With the rampant anti-intellectualism and distrust in science that continues to plague our country these days, we need passionate, well-spoken defenders to cut through the B.S. and speak the truth. In the 1980s, Carl Sagan filled that role very well, with his Cosmos series capturing the imaginations of many young people who went on to pursue careers in science. Sagan passed away in 1996, but the torch has been passed in recent years to astrophysicist Neil deGrasse Tyson, the director of the Hayden Planetarium in New York and the go-to guy whenever a news agency needs somebody to provide easily digestible sound bites for a new science story. Tyson turns 55 years old today.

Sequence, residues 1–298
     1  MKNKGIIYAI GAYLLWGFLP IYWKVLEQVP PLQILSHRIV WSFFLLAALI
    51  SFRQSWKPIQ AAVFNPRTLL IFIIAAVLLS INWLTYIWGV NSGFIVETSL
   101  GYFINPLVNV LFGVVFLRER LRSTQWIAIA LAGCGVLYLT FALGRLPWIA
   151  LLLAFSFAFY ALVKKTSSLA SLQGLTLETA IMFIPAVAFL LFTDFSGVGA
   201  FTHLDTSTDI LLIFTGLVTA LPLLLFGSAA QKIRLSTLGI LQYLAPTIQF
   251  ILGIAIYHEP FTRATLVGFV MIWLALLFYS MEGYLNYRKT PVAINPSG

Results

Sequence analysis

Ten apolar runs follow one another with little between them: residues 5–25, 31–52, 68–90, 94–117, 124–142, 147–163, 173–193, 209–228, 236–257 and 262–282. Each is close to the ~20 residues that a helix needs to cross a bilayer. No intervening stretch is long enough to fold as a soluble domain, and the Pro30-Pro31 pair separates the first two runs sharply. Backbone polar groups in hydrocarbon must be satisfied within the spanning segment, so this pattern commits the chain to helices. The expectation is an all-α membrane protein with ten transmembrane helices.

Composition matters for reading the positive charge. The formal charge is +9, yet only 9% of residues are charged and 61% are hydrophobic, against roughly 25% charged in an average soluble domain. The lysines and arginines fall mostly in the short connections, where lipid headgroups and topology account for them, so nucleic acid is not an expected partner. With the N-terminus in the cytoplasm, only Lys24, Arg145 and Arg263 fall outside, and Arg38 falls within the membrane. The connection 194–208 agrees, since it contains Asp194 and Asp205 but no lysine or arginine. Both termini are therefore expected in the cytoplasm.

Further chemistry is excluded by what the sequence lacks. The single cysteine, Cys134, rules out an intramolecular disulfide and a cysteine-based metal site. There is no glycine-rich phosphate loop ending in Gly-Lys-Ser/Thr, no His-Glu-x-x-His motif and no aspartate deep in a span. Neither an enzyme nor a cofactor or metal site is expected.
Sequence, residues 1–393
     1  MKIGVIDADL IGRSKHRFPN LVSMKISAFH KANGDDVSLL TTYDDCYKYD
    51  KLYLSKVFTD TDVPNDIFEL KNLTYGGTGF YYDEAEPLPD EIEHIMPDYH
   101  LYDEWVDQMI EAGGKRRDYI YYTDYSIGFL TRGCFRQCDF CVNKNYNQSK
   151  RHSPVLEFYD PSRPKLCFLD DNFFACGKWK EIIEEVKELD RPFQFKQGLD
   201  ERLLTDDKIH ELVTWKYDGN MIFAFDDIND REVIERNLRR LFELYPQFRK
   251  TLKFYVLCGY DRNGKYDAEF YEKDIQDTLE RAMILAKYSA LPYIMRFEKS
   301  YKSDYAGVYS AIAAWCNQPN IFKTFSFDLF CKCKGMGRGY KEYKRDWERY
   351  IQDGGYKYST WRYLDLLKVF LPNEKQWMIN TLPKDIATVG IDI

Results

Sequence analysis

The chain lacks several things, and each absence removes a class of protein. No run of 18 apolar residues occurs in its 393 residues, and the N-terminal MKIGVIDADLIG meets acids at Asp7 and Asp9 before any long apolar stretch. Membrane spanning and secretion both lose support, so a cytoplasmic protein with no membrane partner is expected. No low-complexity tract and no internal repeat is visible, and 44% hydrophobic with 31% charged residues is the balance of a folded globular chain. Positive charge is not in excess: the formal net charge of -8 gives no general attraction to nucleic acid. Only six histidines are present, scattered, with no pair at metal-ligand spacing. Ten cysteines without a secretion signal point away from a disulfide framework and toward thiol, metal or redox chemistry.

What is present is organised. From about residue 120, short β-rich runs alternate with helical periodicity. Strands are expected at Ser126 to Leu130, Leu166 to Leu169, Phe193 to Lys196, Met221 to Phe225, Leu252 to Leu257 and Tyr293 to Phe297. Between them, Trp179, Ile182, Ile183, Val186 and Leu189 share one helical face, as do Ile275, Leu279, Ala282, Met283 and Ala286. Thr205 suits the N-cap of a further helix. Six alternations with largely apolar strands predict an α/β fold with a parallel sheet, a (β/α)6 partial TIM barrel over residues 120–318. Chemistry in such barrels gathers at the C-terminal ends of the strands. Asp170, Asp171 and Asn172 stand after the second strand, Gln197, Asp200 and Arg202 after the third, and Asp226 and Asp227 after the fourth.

The Sagan parallels will become even more direct in the not-too-distant future, with Tyson set to host a new incarnation of Sagan’s Cosmos, set to air on Fox sometime in 2014. Tyson has the knowledge and the passion to be a great host for a new Cosmos, but he also shares one other quality with Sagan that makes him even more ideal. He’s got a touch of the poetic about him, a way of speaking about the universe that elicits excitement and wonder in the listener. Compare two of our favorite videos below: Carl Sagan’s “Pale Blue Dot” speech, and Tyson’s “Most Astounding Fact.”